eXtensions - Thursday 18 June 2020


Joyce's Dublin: A Walk Round Dublin Following James Joyce and his Characters (edit - spelling)

By Graham K. Rogers

Joyce's Dublin

Some may find James Joyce's Ulysses difficult. It is set in Dublin, a beautiful European city. This week was the annual Bloomsday and I found an app that shows locations important to Joyce and his written works

16 June each year is Bloomsday: a celebration of the 24 hours of Leopold Bloom's life as depicted in James Joyce's, Ulysses. The fictional events taking place in 1904. The journey of Ulysses (the Roman name for Odysseus) that took many years was the core of the Odyssey. The day-long journey of Bloom in and around Dublin is the subject of Joyce's Ulysses. While the book is difficult for some readers and was heavily criticized on its publication, it is much loved and considerable academic research has taken place. Locally, there are tours of the locations, much like there are literary tours of London or Stratford.

This year with travel restricted, there is a virtual tour of Bloom's Dublin by way of Joyce's Dublin: a free app available on iOS and Android developed by Sean O'Connor. Although the original release date was several months ago, it was highlighted in The Irish Independent this week, to give people another way to connect with the event.

When first started, a black and white photograph appears for a second or so and then a screen with a map is loaded. That initial image is of an equestrian statue, which might be that of Field Marshal Hugh Viscount Gough. The image appears too briefly for a screen shot.

Almost immediately a Google Maps screen appears with locations relevant to Ulysses, Finnegan's Wake, The Dubliners, and to Joyce and his family. As it uses Google Maps, the screens can be expanded or made smaller using two fingers. Although most location flags are close to Dublin, Clongowe's Wood College is some way out (20 miles/32Kms) and might be missed in the default display.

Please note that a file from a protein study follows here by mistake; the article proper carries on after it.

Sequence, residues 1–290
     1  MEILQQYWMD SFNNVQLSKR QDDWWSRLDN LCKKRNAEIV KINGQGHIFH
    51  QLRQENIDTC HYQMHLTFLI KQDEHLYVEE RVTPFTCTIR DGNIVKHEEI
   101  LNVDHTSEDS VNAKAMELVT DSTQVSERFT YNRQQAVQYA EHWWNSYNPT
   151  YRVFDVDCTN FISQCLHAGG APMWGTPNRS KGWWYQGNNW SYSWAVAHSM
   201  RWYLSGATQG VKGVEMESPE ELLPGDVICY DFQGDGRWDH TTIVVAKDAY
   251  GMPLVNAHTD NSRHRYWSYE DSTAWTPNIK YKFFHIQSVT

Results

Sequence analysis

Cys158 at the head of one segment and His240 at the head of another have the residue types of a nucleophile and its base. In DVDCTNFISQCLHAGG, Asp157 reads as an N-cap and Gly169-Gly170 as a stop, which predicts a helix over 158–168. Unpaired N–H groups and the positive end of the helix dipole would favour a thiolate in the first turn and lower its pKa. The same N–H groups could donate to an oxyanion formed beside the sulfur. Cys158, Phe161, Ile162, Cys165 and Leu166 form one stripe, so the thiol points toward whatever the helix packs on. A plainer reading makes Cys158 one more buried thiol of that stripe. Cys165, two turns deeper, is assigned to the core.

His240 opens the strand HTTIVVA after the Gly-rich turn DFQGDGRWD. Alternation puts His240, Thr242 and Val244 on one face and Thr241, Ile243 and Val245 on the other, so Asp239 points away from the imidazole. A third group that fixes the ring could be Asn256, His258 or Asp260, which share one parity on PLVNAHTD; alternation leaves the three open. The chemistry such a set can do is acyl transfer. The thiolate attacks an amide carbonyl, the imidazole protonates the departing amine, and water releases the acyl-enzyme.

Joyce's Dublin Joyce's Dublin Joyce's Dublin

Tapping on any one of the blue markers brings up a small information screen. That can be expanded to show an image and text that explains the specific location along with how it relates to Joyce and the writings.

Joyce's Dublin
Joyce's Dublin on iPad - Map display shifted right to show Clongowe's Wood College

At top right of the screen is Locations which accesses another panel. This has all the places that are connected to Joyce in and around Dublin, in numerical and alphabetical order. This would have benefitted from a search window as the only way I was able to view any entry was to scroll down the screen. Each of the entries opened to show basic information about the location, with a small photograph. The image provided when accessing the map content was slightly larger and easier to view. Tapping on the text expanded the content display, which allowed for a slightly longer examination of the information.

Joyce's Dublin Joyce's Dublin Joyce's Dublin

The amount of content can be fine-tuned by the use of filters, accessed through clicking a grey area at the top of the Locations panel. By default all are selected: ticks in boxes. These boxes include the separate works (Finnegan's Wake, The Dubliners, Ulysses et al) as well as locations specific to Joyce and his family. One could, for example, list only those locations directly related to one of the works, like Ulysses, excluding all others: useful for the purposes of specific research.

The app allows anyone interested to take an easy armchair trip of the places that are significant to the examination of Joyce and his work. As well as those traveling to Dublin, who could use this as a simple planner, students and anyone interested in the author and the works, could also glean knowledge using this app. Being a free download, advertisements appear at the bottom of the screen. I did not find this unwelcome or obtrusive. Searching for Joyce's Dublin on the App Store also revealed other related apps (free and paid) that have related information.

Graham K. Rogers teaches at the Faculty of Engineering, Mahidol University in Thailand. He wrote in the Bangkok Post, Database supplement on IT subjects. For the last seven years of Database he wrote a column on Apple and Macs. After 3 years writing a column in the Life supplement, he is now no longer associated with the Bangkok Post. He can be followed on Twitter (@extensions_th)



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